While they can see the irony in releasing a song called ‘Dirty Man’ in the middle of a Federal Election campaign, Demsey and Owen maintain that the Living End are not an overtly political band despite addressing Indonesia’s invasion of East Timor and Australia’s immigration debate in songs ‘Revolution Regained’ and ‘Don’t Shut the Gate’.
“If you listen to a song like ‘Don’t Shut the Gate’ it doesn’t take sides,” explains Demsey. “It never points the finger. We like our songs to bring light to subjects that are relevant and we like to keep abreast of things. Unlike some bands I can think of I like to think that our audience is pretty smart and can make up their own minds about certain issues.”
Despite a hectic touring schedule, the band found time to drop into the studio to help record a song with Australian country music sensation Kasey Chambers for her latest album ‘Brickwalls and Barricades.’
“That was amazing”, says Owen of recording the song ‘Crossfire’. “You don’t want to have to think about your career everytime you pick up a guitar, you want to have fun, and working with Kasey was fun. There’s absolutely no ego with her; she’s incredibly talented. I’m sure she’s probably had a lot of smoke blown up her arse, with people telling her how great she is, especially in America but she’s really just honest.”
She really wanted the recording pretty rough, adds Demsey. “She was like, ‘No don’t hold back, hit the drums, play a lead break, really go for it,’ I really like the fact that she put the track way at the back of the album, there was no ‘Oh look who’ve we got to play’ or Special Guest appearance. That was cool. I mean we live in the suburbs, we kick footballs, I have dogs, the other guys want dogs, we drive Commodores, you know we’re normal. We don’t want to be seen as U2.”
Like Chambers, The Living End have established a strong following in the United States, a following that is not always acknowledged in Australia who Demsey accuses of being parochial.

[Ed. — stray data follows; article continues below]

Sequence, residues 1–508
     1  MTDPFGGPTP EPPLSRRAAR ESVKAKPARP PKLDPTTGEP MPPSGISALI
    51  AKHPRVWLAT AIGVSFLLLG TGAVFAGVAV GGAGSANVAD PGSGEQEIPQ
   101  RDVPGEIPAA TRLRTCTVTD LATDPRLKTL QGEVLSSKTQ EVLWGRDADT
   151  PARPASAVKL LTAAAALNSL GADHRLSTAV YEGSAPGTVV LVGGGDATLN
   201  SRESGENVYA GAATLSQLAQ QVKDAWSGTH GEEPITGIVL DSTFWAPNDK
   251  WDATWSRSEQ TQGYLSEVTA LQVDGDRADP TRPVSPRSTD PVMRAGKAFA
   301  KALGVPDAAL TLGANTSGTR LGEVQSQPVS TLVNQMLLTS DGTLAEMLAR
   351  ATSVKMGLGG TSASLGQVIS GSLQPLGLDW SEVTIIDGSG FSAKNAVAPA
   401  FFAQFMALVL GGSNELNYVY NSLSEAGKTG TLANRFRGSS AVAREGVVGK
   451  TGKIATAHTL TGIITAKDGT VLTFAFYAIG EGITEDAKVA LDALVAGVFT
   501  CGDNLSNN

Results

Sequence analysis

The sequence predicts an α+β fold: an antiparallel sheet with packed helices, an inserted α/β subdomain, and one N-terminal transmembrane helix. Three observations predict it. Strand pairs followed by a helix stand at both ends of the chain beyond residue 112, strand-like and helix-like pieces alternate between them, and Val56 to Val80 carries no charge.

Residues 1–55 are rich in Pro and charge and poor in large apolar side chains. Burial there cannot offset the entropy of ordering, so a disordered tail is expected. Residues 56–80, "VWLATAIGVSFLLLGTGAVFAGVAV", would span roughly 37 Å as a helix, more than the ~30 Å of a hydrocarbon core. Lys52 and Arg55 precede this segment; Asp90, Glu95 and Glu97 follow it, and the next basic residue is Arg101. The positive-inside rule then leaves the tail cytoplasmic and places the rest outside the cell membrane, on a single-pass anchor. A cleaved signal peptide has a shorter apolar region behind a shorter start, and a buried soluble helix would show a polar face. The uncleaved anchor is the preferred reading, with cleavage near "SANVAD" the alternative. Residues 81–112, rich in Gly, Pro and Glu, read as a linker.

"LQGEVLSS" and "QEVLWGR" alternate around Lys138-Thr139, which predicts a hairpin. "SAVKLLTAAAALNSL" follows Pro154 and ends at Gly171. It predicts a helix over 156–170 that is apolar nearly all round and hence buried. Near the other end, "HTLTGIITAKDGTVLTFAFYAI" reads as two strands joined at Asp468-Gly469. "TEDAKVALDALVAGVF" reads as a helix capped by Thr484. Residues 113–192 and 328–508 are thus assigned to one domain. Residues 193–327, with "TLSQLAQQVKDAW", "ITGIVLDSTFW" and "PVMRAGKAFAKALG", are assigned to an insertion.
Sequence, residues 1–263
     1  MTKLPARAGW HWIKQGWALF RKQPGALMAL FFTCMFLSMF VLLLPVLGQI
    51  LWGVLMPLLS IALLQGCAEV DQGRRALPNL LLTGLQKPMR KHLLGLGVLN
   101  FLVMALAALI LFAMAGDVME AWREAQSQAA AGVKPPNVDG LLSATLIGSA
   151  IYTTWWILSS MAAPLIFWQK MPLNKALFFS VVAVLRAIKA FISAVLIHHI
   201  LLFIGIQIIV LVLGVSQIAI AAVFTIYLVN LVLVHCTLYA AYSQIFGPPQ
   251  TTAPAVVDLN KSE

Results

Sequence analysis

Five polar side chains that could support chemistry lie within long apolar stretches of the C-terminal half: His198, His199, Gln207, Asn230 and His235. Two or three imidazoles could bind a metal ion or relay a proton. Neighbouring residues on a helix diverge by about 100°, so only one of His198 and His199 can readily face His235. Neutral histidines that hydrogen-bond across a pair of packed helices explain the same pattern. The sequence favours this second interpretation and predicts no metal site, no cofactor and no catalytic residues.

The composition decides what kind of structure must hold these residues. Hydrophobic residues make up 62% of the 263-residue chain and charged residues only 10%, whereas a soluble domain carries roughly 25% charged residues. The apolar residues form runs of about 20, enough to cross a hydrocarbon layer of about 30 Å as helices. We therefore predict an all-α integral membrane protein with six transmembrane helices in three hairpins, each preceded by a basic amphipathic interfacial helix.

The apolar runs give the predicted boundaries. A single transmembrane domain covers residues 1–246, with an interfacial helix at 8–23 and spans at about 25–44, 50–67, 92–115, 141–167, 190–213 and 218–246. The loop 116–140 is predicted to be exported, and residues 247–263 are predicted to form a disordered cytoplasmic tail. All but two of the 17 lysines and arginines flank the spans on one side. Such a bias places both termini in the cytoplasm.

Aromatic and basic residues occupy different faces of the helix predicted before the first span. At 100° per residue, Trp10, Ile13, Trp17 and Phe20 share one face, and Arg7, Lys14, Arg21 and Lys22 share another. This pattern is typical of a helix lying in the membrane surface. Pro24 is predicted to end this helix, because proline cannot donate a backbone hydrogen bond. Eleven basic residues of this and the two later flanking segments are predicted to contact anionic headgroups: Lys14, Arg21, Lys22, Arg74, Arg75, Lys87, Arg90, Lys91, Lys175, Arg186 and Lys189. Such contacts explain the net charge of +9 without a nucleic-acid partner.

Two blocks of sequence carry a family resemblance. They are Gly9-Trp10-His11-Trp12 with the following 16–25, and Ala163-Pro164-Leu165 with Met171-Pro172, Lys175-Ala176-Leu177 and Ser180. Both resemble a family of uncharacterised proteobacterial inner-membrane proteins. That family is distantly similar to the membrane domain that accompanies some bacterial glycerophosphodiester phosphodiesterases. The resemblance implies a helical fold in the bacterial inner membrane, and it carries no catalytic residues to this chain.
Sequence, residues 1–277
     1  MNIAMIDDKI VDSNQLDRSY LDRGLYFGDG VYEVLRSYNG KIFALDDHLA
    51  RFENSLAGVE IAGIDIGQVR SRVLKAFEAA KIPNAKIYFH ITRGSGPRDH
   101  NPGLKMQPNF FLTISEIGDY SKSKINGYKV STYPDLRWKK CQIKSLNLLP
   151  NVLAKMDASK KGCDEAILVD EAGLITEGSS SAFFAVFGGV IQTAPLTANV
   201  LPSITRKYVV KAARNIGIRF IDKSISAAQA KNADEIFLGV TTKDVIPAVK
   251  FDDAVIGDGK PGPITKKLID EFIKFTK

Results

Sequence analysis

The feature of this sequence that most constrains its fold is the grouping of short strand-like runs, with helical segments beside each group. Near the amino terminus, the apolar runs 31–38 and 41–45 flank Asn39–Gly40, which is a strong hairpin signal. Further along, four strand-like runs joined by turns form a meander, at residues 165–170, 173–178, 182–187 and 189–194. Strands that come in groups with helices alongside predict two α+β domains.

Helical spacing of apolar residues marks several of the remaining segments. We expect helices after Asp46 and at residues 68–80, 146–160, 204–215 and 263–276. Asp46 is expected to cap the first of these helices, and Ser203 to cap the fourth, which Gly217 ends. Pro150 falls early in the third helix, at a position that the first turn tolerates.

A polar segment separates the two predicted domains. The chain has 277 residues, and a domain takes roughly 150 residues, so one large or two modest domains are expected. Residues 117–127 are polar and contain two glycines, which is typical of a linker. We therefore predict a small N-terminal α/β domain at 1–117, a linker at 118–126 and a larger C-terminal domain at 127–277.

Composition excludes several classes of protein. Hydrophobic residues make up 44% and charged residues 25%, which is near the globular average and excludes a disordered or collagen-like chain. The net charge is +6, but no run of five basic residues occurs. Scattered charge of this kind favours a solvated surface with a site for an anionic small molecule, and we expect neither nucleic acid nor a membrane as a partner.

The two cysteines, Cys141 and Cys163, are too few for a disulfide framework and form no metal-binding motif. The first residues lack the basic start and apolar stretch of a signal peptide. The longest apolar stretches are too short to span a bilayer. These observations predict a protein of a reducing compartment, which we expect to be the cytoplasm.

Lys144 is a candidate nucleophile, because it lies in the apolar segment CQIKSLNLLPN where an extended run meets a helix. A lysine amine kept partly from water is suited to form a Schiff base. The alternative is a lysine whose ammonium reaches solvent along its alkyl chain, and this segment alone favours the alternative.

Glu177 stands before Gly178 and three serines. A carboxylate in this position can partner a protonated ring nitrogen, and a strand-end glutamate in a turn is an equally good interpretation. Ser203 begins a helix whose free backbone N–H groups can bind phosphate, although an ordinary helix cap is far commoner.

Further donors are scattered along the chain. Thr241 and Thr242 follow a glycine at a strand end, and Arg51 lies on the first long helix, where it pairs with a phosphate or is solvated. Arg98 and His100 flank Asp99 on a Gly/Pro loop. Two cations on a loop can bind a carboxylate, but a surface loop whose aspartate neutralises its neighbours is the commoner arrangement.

“I find the ARIA’s a fucking joke and you can quote me on that,” he spits out. “Tina Arena, what a fucking joke, you can quote me on that as well. I just don’t understand how they work it all out. I mean the Saint’s get a lifetime achievement award but they are presented with it three weeks before the night. What’s up with that? Not disrespecting INXS for their life time achievement award cos I think they deserve everything they get, but for godsakes include two bands on the night!”
Owen joins in on the anti ARIA tirade, “Look at the people they invite on the night. As the cameras pan around the audience you don’t see any actual bands it’s just celebrities and actresses and stuff. It’s Nicki Webster, it’s Scandal’us, it’s Bardot give me a break! I mean Steve Waugh presenting the achievement award, jeez!”
As a band who has won three ARIA’s and who before Cheney’s accident were scheduled to make an appearance at the awards night to perform with Chambers, their anti ARIA remarks could be seen considered a case of biting the hand that feeds them, but Demsey maintains he is still a staunch supporter of Australian music and is excited of the current state of Oz rock. “Australian rock and roll is still revered around the world, but when it’s brought up at least with the people I talk to John Farnham isn’t mentioned, neither is Jimmy Barnes and I can categorically state that people overseas have no idea who Deni Hines or Tina Arena are.
He adds, “I’m pretty picky as to which bands I go and see now, not because I think I know it all but because I really enjoy time at home with my girlfriend. But since I’ve been back I’ve seen some good bands, Palladium, the Monarchs, Even are still a great band. It’s good to see that in Australia hard work still pays off, whereas in America bands still rely on the big push and hype.”
With the forced lay off Demsey will have more time to check out bands but he says that even with Cheney recuperating the band is still focused and eager to start writing songs again. “I think we would be happy to get together before Christmas and swap ideas, you know to least maybe to just discuss some things.”
Owen reminds him that things will come in their own good time, “Writing songs is a creative process you know, it’s not maths, it’s not like you can cram a whole lot of stuff into you can’t force, it.”
In the meantime the band have time to reflect. To reflect where they’ve come from, what they’ve done and the possibilities of what they still can achieve, as Demsey says eagerly, “I love this band, I love these guys and I’m so looking forward to writing songs and playing with them soon.”